As steam is used in a process and gives up its heat energy, it becomes a liquid called condensate. This condensate is an exceptionally valuable resource that is typically designed to be recovered and used back into the boiler system.
A properly functioning deaerator is critical to the protection of steam boiler systems. Venting is important for the proper operation of a deaerator. Routine monitoring of venting can provide clues for identifying and solving potential problems. When deaerators have issues, they send out distress signals for all to see, but so often they are overlooked. The vent is rarely where it can be conveniently observed and in many cases it isn’t even visible. The vent’s physical layout can tell you a lot, but the venting can tell a story like no other.
Steam boiler systems provide energy to a variety of commercial, institutional, and industrial applications. Properly treated water is necessary for reliable and efficient operation of these systems. Water treatment control ranges for steam boilers can vary based upon the makeup water quality, boiler design, operating pressure, steam requirements, and steam quality/purity needs.
The term “cycles of concentration” is the basis for one of the most important concepts in industrial water treatment. The cycles of concentration measure the degree to which the solid impurities in the makeup water are concentrated in the recirculating water of an evaporative system. The higher this ratio, the more the impurities in the makeup water are being concentrated in the system water. This directly impacts the system’s water usage and treatment requirements along with the potential for waterside problems to occur, such as scale deposits and corrosion.
As water changes temperatures, its volume can expand or contract. This physical characteristic is important when designing closed recirculating hydronic systems without open sumps/tanks. These closed systems have specific volumes with pressure relief valves that will release water if the pressure set point is exceeded to avoid bursting pipes or damaging other equipment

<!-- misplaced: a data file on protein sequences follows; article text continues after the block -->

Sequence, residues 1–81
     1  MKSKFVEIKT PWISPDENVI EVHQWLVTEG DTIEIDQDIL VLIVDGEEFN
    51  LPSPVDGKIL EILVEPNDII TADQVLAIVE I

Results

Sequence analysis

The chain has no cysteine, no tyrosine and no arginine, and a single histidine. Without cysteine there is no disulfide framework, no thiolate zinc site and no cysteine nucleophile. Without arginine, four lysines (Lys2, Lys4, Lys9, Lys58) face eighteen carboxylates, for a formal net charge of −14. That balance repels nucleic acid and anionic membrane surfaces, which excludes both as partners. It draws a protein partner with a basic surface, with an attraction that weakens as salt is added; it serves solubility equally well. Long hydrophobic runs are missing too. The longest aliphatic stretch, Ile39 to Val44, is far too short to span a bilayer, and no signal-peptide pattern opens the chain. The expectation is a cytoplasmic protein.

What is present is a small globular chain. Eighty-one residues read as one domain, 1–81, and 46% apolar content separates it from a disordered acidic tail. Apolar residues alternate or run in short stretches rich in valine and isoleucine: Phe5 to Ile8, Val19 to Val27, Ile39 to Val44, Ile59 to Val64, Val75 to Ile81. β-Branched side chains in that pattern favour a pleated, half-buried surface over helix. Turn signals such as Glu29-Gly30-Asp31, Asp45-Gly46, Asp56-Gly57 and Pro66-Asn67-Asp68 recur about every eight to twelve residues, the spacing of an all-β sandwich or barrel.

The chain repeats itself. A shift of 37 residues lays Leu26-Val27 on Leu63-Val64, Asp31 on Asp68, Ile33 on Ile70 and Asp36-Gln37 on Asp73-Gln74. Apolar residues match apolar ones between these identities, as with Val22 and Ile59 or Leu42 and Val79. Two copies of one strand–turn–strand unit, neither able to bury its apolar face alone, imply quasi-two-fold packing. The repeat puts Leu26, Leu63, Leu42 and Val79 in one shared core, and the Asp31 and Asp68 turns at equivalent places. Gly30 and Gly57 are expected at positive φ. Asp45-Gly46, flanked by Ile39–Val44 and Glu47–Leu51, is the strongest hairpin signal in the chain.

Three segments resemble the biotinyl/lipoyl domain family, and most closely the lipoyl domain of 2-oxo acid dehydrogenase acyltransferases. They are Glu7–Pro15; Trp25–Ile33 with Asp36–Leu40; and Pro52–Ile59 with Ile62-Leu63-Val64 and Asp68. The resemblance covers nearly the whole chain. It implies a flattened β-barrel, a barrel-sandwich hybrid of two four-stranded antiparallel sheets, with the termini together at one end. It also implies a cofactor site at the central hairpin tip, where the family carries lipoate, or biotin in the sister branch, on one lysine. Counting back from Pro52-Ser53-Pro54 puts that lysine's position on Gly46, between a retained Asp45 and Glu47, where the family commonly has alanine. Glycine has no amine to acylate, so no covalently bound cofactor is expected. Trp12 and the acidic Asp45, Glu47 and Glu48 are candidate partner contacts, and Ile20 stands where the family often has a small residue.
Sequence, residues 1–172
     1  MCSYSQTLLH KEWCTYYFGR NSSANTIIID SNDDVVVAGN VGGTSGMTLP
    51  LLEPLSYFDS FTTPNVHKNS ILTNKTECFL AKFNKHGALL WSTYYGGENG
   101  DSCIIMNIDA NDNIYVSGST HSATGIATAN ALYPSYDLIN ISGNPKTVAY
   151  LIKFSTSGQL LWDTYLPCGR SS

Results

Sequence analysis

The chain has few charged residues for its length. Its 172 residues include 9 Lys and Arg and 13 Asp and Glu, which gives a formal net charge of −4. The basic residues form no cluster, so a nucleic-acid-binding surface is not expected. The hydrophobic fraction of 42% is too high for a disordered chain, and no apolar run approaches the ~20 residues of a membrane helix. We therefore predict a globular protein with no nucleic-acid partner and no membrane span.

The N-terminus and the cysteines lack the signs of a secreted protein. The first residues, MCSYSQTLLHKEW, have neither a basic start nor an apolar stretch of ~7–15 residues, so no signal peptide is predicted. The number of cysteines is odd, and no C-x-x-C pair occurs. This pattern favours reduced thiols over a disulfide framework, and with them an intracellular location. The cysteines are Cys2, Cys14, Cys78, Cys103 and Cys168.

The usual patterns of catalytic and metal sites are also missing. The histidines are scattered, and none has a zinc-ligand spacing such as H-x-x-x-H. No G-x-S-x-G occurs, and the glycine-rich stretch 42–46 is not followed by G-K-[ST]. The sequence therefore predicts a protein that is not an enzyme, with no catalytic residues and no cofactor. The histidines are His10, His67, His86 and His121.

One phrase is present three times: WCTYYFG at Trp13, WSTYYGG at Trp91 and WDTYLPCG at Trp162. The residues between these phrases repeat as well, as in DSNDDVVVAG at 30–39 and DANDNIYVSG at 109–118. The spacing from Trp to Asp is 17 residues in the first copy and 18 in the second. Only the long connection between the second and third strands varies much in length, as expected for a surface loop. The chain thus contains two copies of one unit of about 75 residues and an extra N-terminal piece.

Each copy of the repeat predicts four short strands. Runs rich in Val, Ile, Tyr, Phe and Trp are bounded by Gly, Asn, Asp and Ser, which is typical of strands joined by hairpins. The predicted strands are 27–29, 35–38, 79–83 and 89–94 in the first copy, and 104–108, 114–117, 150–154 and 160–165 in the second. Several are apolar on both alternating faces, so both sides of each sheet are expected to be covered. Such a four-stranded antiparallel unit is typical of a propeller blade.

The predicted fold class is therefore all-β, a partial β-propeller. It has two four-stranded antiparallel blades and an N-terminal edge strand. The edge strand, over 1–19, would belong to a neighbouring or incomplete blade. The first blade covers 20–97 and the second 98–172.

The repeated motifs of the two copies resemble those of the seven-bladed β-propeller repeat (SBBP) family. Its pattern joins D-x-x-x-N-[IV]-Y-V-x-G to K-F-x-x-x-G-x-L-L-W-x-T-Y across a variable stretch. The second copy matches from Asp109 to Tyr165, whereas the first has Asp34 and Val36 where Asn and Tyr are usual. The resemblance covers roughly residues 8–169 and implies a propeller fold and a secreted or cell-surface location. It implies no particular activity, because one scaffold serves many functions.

Design and Operational Impacts
Theoretically, the maximum hardness-removal capacity of a water softener can be calculated from the grains of hardness of the water to be softened, the volume of resin, and the resin capacity expressed in grains/gallon. The actual capacity of a water softener may be impacted by many factors:
It’s that time of year when seasonal boilers should be prepared for the heating season. Before flipping that power switch to the “ON” position, however, the entire steam distribution and condensate return system needs to be surveyed to ensure it is ready for safe and successful operation.
By design, recirculating aerated water cascades through cooling towers to extract unwanted heat to the atmosphere. When foaming occurs, it can have negative impacts on both the cooling tower system and the surrounding environment. Foaming can not only confuse sensors and damage nearby equipment and car paint, it can also serve as a carrier for Legionella bacteria. Cooling water can foam due to a multitude of reasons. In some cases, it is even the result of a combination of factors. Some reasons cooling tower foaming may occur include:
Solid Water Treatment Programs
Cooling towers, steam boilers, and recirculating closed loop systems require effective water treatment chemistry for reliable and efficient operation. Liquid treatment chemicals are traditionally used because they are easier to manufacture and add to systems, but liquids aren’t always the best fit and present safety and environmental concerns that are often overlooked.
The Importance of Managing Biofilm
Where there is water, there is life. This includes cooling, chilled, process, and drinking water systems that facilities use every day. This life not only exists within the bulk water but sets up home on the surfaces of the water-related equipment, such as heat exchangers, piping, and basin walls. We call this deposit biofilm.